Sunday, July 08, 2007

Visit to Oklahoma

Appa and I headed out to go to Turner Falls, Oklahoma, this warm and sunny morning. The drive was extremely pleasant, especially when as we neared the Texas-Oklahoma border. The road rose uphill and went downhill, presenting a wonderful view of the green fields, lush trees, cows, horses and hills in the distance. The TX-OK border is separated by the Red River (really red!) Within few miles of entering OK, flashy neon lights announced the casinos on either side of I-35. However, the remainder of the journey was for the most part characterized by more greenery and a lovely view out to the distance.
We reached Turner Falls, OK. From the look-out point:

We decided not to go into the park (primarily because we didn't think we would be there long enough to justify the $10/person admission fee). Instead, we headed north on US-77 to reach OK-7 E to the Chickasaw National Recreation Area. We stopped by at the information center. It was open even on a Sunday! The park ranger was very helpful; he gave detailed information on the area's attractions, accompanied by a map with directions.
First stop: Vendome/Flower Park. Here is the spring which spouts out sulphur rich water:

It used to be a popular destination in the early 20th century, and apparently several trains used to arrive daily, carrying people who visited this spring in the town of Sulphur.

Then we entered the Chickasaw National Recreation Area. We headed straight for the "Little Niagara" Falls. There were a lot of people in the water area, and also in the surrounding picnic spot. Since I don't have a picture, here's what I noticed:
1. All the people where either white or Native American.
Ok, maybe 1 African American
2. 50% were definitely obese, 25% overweight.
3. The place was thick with the odour of beef (slaughtered cows! enough of these convenient euphemisms people invent to forget the disgusting way in which these animals are murdered!!) being barbacued.
It was so bad that Appa and I ate in the parking lot, sitting next to cars, and breathing asphalt and gasoline rather than the foul smell of dead animals.

We walked around in the little trails. Here are pictures of some magnificent trees:

Then we drove on to the Nature center. We found out very interesting facts about the place. It's got a huge aquifer underground, which is where all the springs come from. It's an eco-tone, a region where the eastern woodlands meet the mixed-grass prairie.
We then drove on to Pavilion Springs, and also discovered a pedestrian underpass that lead to some interesting discoveries: this butterfly and this dragonfly (it refused to stay long enough in one place for me to zoom in...this is the best picture I have) Click on the image to open in new window. Look for the iridescent greenish-indigo thing sitting on a leaf. That's the elusive dragonfly.

We then found our way to the Veteran's Lake. The road to the lake was flanked by green, dense woods on the right, and open grasslands populated with various kinds of grasses, small plants, and purple and yellow flowers on the left. We were able to take some pictures from the picnic spot at the lake. Here you can see some examples of the grasses and wildflowers that characterize the prairie ecosystem, as well as a few shots of the lake itself:-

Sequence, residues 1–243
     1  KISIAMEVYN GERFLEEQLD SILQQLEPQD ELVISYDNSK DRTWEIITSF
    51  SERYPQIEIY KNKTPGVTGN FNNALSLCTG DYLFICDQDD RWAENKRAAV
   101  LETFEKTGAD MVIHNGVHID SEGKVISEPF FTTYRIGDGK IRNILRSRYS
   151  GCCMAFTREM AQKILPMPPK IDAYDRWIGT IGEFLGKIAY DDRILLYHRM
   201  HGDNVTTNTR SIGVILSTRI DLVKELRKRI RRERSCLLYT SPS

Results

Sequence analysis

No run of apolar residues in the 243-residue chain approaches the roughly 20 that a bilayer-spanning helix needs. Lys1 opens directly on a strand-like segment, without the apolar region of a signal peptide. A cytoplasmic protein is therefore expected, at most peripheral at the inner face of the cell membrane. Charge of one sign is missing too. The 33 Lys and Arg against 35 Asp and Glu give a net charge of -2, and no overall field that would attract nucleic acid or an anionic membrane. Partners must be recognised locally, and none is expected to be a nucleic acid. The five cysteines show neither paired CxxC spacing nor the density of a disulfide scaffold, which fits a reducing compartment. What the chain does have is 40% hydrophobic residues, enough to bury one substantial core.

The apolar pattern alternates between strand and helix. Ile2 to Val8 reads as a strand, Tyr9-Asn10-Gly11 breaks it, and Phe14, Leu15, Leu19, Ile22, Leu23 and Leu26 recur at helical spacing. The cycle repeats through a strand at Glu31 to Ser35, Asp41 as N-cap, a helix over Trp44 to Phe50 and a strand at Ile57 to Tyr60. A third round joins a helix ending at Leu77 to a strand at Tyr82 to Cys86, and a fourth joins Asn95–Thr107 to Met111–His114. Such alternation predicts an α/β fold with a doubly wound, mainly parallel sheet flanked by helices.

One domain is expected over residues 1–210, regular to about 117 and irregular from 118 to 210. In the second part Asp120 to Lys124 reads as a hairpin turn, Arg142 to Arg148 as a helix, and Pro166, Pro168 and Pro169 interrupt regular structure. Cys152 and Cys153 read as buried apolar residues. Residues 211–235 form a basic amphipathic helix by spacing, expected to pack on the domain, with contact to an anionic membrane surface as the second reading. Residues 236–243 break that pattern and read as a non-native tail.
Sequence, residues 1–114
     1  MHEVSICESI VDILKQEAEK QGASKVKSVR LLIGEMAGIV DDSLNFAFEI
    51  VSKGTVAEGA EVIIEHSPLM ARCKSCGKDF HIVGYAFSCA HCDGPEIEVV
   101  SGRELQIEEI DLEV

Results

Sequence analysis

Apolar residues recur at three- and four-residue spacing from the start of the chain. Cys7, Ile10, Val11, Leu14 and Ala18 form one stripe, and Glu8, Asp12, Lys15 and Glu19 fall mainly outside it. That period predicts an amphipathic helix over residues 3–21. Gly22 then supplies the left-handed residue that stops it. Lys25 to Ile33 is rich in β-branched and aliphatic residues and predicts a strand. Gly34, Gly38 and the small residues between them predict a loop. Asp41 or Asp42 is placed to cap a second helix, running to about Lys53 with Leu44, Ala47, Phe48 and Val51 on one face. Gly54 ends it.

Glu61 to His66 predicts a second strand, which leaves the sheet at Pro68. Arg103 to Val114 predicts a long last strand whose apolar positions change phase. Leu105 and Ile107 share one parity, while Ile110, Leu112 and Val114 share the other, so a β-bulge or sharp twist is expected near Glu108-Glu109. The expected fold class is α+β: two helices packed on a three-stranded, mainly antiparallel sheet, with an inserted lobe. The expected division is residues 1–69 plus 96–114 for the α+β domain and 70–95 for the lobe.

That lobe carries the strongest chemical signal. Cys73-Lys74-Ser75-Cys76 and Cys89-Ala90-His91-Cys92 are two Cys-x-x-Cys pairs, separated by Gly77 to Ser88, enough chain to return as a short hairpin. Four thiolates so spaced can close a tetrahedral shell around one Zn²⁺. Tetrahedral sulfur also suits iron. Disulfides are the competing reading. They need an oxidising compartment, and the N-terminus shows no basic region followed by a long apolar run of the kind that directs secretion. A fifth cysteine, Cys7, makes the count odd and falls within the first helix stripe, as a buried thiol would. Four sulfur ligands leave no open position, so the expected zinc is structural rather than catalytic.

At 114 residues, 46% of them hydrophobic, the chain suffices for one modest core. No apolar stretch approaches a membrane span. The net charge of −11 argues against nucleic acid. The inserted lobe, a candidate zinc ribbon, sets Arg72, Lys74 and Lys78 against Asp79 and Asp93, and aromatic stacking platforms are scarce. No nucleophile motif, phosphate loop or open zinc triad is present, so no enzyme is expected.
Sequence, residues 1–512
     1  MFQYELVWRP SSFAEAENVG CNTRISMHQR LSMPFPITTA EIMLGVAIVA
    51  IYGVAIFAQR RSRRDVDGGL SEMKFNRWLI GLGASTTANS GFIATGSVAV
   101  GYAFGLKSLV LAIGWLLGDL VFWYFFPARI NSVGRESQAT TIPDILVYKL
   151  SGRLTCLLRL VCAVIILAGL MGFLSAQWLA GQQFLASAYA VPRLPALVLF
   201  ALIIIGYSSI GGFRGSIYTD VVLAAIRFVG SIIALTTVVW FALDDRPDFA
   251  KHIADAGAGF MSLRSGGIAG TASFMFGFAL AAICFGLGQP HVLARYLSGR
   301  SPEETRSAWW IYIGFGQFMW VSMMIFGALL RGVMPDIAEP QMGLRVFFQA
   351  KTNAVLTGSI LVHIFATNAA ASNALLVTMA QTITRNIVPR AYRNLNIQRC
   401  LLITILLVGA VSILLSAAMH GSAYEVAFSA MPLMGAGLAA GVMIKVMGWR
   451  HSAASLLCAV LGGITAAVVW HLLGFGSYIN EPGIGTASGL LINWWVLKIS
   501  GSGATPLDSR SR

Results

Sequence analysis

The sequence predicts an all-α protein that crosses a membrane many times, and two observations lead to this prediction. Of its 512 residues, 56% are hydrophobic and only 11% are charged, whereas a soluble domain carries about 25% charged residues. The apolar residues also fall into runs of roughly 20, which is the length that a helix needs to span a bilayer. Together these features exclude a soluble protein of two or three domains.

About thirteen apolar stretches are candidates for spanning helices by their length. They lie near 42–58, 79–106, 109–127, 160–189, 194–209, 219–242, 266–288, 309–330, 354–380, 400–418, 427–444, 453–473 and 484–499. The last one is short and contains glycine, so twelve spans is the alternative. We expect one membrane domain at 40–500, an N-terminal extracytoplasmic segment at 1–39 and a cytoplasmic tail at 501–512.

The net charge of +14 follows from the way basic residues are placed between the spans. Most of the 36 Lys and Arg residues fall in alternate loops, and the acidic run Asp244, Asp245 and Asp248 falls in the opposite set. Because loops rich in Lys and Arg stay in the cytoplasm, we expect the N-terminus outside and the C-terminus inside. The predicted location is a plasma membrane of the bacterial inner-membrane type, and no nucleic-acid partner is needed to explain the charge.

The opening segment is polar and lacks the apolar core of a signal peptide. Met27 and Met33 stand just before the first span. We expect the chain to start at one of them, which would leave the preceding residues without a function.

We negotiated our way out of the Chickasaw area to re-enter it at a point further south. This road leads right into The Lake of the Arbuckles. People can load/unload their boats onto their pick-up trucks here. See example:

The Lake of the Arbuckles appears to be a popular spot for people to swim, boat, fish, burn their skin; all the things Americans seem to be really fond of.

We then drove out of the Chickasaw and turned on to US-177. Except that it wasn't labeled, and for the longest time I had no idea if we were on the right track or not. We passed by small houses, cow and horse farms; but no stores, no gas stations, and no signs indicating what road we were on!!! I was beginning to worry that I had gotten us lost when we finally hit OK-53 W. Yet another pleasant farm road to drive on with blue skies, green lands and white clouds.

We headed onto I-35. Few miles into Texas, the storm hit. Such heavy rain, one could barely see anything. And there was so much water falling that it wasn't draining off the road fast enough. Thank goodness we weren't on any of the farm roads in OK!!!!! These roads go uphill and downhill, and don't really have drains. So in a heavy downpour, sufficient water can accumulate to drown a car. If we had been caught in the storm on the farm roads, I guess the only thing to do would have been to wait on the shoulder of the uphill part of the road until the storm passed and the water ran off the road!!!

In any case we waited out the storm in the Gainesville Starbucks, aided by a espresso fudge brownie and a cup of hot coffee. And once the storm passed, Home sweet home.


Anonymous said...

I knew that you would transport me there right away! Was there with you and fluffy briefly when I called and could feel the speed of your driving!
Enjoyed your racy "right-up" and excellent pictures!! Ups and downs are what it takes to make Life Beautiful! Enjoy and Celebrate!!

KAT said...

Supaaar! Great pictures.....but where are you and G. chitappa?!

tnc said...

The falls and lake and greenery look really nice...btw, do I find a hint of frustration at the American way of life?

Have fun...

Songbird said...

Kool! Very vivid and enjoyable read Preets.

Akasuna no Sasori said...

Lovely pics Preeti. Brings out the simple classiness of countryside America